Exemplar data may comprise charging type 2475A, such as various electromagnetic bands (i.e. visible band e.g. 2475J, IR band 2465K) or laser types (i.e. type A of 2475L and laser type B of 2465M). A compatible receiver type is identified in element 2475B (where A, B, C and D may reference a design type of antenna or PV array or other receiver that is compatible or able to interact with charging type of 2475A). Charge rate 24755C may be set to numerical values or a qualitative value (e.g. low, medium, high which may correspond to a charging transmission level).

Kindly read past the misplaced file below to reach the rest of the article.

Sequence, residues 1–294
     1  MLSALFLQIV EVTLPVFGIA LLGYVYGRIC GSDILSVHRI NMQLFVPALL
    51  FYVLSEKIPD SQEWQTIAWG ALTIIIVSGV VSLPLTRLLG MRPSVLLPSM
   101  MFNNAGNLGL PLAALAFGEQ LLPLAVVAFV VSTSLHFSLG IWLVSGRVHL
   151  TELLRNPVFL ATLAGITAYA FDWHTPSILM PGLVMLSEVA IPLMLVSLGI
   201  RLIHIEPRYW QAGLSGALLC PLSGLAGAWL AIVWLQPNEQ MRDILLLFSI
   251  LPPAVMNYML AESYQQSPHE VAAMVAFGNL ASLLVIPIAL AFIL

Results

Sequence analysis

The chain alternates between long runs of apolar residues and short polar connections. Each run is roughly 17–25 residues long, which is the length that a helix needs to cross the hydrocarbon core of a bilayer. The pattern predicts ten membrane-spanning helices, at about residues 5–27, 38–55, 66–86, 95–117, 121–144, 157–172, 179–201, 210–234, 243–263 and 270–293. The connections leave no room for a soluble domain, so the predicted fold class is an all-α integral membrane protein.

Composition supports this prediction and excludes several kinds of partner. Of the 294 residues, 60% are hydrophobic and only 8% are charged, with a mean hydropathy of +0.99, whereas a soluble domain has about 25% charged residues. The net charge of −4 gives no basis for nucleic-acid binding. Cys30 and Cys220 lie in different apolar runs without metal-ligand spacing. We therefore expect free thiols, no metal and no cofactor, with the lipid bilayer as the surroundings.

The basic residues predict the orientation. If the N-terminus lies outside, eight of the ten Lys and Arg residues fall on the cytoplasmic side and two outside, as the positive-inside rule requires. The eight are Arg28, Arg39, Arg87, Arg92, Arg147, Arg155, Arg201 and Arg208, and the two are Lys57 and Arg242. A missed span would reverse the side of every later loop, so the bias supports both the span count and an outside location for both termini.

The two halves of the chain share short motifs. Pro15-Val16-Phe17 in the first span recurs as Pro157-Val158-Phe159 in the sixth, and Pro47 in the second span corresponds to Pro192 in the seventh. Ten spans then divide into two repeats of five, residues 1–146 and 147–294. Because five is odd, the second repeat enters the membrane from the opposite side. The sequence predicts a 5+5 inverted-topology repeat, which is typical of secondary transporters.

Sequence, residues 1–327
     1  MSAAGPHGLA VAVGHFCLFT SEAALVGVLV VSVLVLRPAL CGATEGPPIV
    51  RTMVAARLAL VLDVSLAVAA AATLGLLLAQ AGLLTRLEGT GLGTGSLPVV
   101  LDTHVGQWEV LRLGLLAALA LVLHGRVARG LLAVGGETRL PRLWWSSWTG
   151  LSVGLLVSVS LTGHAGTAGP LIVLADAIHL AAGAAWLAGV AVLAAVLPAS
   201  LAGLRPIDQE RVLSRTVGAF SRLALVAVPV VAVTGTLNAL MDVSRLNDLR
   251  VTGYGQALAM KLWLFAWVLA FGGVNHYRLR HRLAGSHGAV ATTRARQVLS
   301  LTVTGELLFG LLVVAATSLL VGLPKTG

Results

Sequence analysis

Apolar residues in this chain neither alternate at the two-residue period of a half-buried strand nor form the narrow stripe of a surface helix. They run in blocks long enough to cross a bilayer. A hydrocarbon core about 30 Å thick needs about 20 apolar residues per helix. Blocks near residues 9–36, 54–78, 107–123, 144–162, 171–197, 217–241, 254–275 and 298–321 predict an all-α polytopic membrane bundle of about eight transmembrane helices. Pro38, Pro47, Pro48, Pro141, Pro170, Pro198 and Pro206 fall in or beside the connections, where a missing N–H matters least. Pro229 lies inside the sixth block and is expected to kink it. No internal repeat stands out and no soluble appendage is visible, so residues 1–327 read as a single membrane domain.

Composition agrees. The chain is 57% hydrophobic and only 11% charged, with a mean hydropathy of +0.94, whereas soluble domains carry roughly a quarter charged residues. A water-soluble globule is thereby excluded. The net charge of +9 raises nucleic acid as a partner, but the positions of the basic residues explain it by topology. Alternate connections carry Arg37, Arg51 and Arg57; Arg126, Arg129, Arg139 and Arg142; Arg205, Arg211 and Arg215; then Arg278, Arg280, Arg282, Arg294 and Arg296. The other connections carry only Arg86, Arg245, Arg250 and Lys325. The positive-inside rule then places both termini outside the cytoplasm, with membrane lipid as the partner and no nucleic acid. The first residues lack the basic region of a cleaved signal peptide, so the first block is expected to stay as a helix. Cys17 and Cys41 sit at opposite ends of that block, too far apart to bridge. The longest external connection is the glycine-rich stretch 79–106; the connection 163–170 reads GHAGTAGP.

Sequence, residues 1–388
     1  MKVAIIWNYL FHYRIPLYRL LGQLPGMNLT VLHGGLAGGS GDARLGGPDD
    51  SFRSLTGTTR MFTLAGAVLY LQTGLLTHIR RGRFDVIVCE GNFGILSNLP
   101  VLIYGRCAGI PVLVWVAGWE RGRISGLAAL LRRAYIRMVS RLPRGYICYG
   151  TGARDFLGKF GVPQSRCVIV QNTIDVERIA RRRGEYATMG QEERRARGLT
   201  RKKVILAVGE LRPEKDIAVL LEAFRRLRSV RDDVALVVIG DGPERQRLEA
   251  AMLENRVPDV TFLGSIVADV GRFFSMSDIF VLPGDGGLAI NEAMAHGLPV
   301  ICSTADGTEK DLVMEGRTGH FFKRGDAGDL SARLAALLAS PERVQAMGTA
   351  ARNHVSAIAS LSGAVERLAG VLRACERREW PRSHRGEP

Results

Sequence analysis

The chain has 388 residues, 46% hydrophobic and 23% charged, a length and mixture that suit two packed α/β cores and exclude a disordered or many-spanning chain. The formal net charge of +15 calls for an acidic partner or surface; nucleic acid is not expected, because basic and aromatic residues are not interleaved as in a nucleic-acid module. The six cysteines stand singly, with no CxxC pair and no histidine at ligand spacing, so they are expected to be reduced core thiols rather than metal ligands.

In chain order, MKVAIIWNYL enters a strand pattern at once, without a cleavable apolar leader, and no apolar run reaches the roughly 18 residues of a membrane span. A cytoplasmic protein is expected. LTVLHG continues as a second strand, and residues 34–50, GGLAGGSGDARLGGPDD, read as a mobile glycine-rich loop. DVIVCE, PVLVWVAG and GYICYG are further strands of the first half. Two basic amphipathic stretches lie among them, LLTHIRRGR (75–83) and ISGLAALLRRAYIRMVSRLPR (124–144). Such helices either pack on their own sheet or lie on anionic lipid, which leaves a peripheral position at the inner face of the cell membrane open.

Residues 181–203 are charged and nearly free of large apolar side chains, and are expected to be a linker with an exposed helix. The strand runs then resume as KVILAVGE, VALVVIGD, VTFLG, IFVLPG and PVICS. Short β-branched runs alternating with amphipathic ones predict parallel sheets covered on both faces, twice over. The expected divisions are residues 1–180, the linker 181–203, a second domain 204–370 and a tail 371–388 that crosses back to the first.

A location 2475D identifies a location for charging, such as a stretch of roadway (e.g. “I-25 Hwy” to indicate Highway Interstate-25) or a static location for charging (e.g. “Spot A” or “Spot B” to alternative lat/long charging pad locations). The Stationary 2475E indicates options for moving or dynamic charging (where “UAV” indicates charging by way of an unmanned aerial vehicle aka a drone where one or both of drone and vehicle 2450 are in motion) identified as a “No” or a situation when vehicle 2450 is stationary (identified as a “Yes” data element. Data items 24755F and 2475G identify weather conditions to permit optical charging. That is, Wx:VisibilityMIN 2475F provides values for weather visibility minimums required to allow a given charging type to provide charging. Wx:HumidityMAX 2475G similarly provides maximum wherein a particular type of optical charging may occur. Such weather minimums reflect underlying physics involved in optical communications. For example, low visibility conditions do not allow visible band light to propagate, while high atmospheric turbulence or humidity influence or reduce laser transmission efficiencies and pointing accuracies.